Ukraine to start evacuations in Kherson and Mykolaiv regions as winter sets in Ukraine

Ukraine is to evacuate civilians from recently liberated areas of the Kherson and Mykolaiv regions, amid fears that the damage to infrastructure caused by the war is too severe for people to endure the winter.

Residents of the two southern regions, which were shelled regularly by Russian forces in the past months, have been advised to move to safer areas in the central and western parts of the country, said Ukraine’s deputy prime minister, Iryna Vereshchuk.

The government would provide transportation, accommodation and medical care, she added.

The evacuations come just over a week after Ukraine retook the city of Kherson – which remains close to the frontline – and areas around it.

Map of recently liberated areas of Kherson and Mykolaiv in Ukraine

The liberation marked a major battlefield gain, while the evacuations highlighted the difficulties Ukraine is facing after heavy Russian shelling of its power infrastructure as winter sets in.

The war’s southern front has been the recent focus of efforts for both Russian and Ukrainian forces before Russia’s retreat from Kherson.

A member of Ukraine’s armed forces fires artillery at Russian positions near Bakhmut, Donetsk region, on Sunday. Photograph: Libkos/AP

More recently, however, Moscow appears to be building up forces and increasing its military efforts on the eastern Donbas front where the two sides have been locked in a bitter and inconclusive struggle for months, not least around the key town of Bakhmut.

With the Kremlin sending fresh reinforcements to the area, as well as troops previously deployed in the south, the Russian armed forces and the Wagner mercenary group have begun intensifying efforts to break that long and bloody stalemate, with unconfirmed reports of the use of incendiary munitions. against Ukrainian positions.

Kateryna Sliusarchuk, 71 warms her house using a
Kateryna Sliusarchuk, 71 warm her house using a Burzhuika the name of that self made welded metal stove Photograph: Alessio Mamo/The Guardian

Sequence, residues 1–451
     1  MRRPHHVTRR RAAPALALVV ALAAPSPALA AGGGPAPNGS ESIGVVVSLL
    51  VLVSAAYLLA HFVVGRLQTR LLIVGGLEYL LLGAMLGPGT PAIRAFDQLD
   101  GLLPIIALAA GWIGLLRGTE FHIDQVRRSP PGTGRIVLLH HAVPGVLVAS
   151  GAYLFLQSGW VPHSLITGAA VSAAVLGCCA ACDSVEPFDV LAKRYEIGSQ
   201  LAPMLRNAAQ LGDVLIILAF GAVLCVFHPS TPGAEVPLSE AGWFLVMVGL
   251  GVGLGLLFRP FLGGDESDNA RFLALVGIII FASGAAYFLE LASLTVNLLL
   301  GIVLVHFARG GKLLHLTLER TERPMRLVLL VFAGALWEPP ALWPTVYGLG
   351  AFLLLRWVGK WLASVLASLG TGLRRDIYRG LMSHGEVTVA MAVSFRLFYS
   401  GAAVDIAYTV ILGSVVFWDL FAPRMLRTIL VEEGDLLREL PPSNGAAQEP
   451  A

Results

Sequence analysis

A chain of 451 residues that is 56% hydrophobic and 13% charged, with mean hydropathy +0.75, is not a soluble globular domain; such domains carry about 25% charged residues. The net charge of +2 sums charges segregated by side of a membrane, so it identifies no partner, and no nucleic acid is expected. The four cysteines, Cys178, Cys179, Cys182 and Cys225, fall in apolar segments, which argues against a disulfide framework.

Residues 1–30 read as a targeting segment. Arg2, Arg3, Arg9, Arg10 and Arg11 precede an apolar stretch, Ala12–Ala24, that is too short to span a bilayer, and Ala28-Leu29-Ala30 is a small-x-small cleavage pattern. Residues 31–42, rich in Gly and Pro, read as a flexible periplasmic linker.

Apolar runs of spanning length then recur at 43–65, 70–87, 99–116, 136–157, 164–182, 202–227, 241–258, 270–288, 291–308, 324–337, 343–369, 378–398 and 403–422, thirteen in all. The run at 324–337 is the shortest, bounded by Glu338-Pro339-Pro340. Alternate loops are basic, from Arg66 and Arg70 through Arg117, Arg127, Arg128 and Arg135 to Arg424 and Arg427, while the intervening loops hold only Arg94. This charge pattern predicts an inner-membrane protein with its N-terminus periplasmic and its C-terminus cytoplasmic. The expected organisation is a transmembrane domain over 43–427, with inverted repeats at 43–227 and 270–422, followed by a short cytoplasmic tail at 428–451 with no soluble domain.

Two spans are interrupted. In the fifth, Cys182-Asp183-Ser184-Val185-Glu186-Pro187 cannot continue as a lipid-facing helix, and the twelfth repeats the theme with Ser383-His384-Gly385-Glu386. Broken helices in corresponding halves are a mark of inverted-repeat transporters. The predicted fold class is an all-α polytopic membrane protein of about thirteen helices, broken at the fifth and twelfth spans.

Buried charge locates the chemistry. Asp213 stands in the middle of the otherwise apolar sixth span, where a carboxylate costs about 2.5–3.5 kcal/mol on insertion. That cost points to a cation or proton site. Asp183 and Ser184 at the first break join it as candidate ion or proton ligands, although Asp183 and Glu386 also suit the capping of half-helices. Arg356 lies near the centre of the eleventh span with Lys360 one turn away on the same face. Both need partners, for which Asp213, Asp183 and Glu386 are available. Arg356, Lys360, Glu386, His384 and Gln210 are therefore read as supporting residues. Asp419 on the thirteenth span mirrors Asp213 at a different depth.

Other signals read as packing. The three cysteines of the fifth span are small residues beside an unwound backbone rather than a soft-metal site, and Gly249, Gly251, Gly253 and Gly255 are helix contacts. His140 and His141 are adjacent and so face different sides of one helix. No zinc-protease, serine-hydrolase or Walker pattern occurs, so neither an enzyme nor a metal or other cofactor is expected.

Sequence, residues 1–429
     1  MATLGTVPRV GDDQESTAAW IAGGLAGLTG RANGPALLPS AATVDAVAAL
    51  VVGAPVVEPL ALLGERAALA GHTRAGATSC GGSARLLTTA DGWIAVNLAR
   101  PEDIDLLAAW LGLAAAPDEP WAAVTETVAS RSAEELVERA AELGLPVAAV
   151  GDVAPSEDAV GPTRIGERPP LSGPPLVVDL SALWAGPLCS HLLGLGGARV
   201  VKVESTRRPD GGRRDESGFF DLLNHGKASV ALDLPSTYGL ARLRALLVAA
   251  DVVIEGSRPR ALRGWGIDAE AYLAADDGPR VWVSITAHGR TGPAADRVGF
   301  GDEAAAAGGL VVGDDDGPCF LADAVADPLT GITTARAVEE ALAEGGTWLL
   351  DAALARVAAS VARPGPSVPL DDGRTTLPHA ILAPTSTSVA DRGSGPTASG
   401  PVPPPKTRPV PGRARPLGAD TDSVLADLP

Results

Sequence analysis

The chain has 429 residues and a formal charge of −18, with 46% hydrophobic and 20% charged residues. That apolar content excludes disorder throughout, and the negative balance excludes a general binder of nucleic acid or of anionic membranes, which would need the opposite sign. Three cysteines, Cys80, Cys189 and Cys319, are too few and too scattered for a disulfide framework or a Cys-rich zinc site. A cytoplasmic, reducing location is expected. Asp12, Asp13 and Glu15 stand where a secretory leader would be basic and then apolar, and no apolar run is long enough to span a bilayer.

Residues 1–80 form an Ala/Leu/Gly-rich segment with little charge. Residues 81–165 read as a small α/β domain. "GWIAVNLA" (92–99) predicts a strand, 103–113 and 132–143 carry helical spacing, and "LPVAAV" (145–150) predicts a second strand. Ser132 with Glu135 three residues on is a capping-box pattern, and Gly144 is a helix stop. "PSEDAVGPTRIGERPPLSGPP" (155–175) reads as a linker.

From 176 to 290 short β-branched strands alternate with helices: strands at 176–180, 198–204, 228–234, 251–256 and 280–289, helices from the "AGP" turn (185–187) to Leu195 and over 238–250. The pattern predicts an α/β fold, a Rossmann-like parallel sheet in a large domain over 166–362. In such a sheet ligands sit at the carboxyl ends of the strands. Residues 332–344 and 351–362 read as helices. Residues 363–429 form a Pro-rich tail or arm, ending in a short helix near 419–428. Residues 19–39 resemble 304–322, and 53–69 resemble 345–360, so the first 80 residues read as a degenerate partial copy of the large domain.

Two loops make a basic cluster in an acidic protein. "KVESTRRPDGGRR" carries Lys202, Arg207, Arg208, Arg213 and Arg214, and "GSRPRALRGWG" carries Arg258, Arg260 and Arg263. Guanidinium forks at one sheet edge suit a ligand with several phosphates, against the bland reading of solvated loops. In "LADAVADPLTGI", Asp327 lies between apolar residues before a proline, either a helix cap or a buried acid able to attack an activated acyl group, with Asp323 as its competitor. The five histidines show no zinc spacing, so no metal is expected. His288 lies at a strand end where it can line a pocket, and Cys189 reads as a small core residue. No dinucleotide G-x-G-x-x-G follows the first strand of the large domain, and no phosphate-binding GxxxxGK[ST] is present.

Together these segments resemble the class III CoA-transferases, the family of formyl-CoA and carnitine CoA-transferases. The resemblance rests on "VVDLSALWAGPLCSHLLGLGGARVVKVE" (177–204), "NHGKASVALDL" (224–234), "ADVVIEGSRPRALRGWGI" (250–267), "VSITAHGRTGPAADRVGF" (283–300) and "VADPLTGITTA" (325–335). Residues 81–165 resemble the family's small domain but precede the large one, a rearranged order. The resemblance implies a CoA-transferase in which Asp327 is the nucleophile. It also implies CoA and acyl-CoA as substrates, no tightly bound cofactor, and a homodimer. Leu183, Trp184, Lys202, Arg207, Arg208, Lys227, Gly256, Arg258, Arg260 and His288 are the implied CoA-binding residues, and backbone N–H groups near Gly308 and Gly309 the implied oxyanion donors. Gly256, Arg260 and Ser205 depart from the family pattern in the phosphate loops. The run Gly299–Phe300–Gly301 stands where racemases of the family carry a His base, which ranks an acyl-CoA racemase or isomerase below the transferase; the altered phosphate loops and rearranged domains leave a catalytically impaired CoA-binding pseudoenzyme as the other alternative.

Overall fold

Russia has been pounding Ukraine’s power grid and other infrastructure from the air, causing widespread blackouts and leaving millions of Ukrainians without heat, power or water as frigid cold and snow blankets the capital, Kyiv, and other cities.

Four-hour or longer power outages were expected in 15 Ukrainian regions on Monday, according to Volodymyr Kudrytskyi, the head of the state grid operator, Ukrenergo. More than 40% of Ukraine’s energy facilities were damaged by Russian missile strikes in recent weeks.

While the situation in the recently liberated areas of the south led to the announcement of evacuations, it is barely better in many other parts of the country.

The situation in Kyiv and other major cities has deteriorated drastically after the largest missile attack on the country’s power grid on Tuesday. Ukrenergo said 40% of Ukrainians were experiencing difficulties because of damage to at least 15 major energy hubs across Ukraine. Warning that electricity outages could last anywhere from several hours to several days, it added: “Resilience and courage are what we need this winter.”

Snow covers Independence Square in Kyiv, Ukraine, on Monday.
Snow covers Independence Square in Kyiv, on Monday. Photograph: Andrew Kravchenko/AP

The mayor of Kyiv, Vitali Klitschko, has also stressed the need to be ready and resilient in the face of a potential blackout. “Worst-case scenario. Actually, I don’t like to talk about that, but I have to be prepared if we [do not] have electricity, blackout, no water, no heating, no services and no communication,” he said on Friday.

Ukrenergo said: “Thousands of kilometers of key high-voltage lines are not working,” affecting the entire country.

News of the evacuations came as a team from the International Atomic Energy Agency prepared to conduct an assessment of the Zaporizhzhia nuclear plant on Monday, a day after the head of the UN agency, Rafael Mariano Grossi, accused the war’s conflicting parties, saying: You’re playing with fire.”

“If they want to inspect a facility that has nothing to do with nuclear safety, access will be denied,” Renat Karchaa, an adviser to the chief executive of the Russian nuclear power station operator, Rosenergoatom, told the Tass news agency.

Repeated shelling of the Zaporizhzhia complex has raised concerns about a grave accident 310 miles (500km) from the site of the world’s worst nuclear power plant accident, at Chernobyl in 1986.

A view of the Zaporizhzhia nuclear power plant in October.
A view of the Zaporizhzhia nuclear power plant in October. Photograph: Alexander Ermochenko/Reuters

The Zaporizhzhia plant provided about a fifth of Ukraine’s electricity before Russia’s invasion, and has been forced to operate on backup generators a number of times. It has six Soviet-designed water-cooled and water-moderated reactors containing Uranium 235.

The reactors are shut down but there is a risk that nuclear fuel could overheat if the power driving the cooling systems is cut.

Heavy fighting continues in Kherson city, where there were a series of explosions on Monday, with one person killed and four others taken to hospital as a result of shelling, according to the deputy head of the president’s office, Kyrylo Tymoshenko.

Russia’s forces continue to strengthen defenses along the east bank of the Dnipro River and to build up additional defensive lines deep inside Russian-held territory.

“Artillery duels continue, the fight continues,” said Dmytro Pletentchuk, a spokesperson for the Ukrainian military in the area. “Kherson is now on the frontline.”

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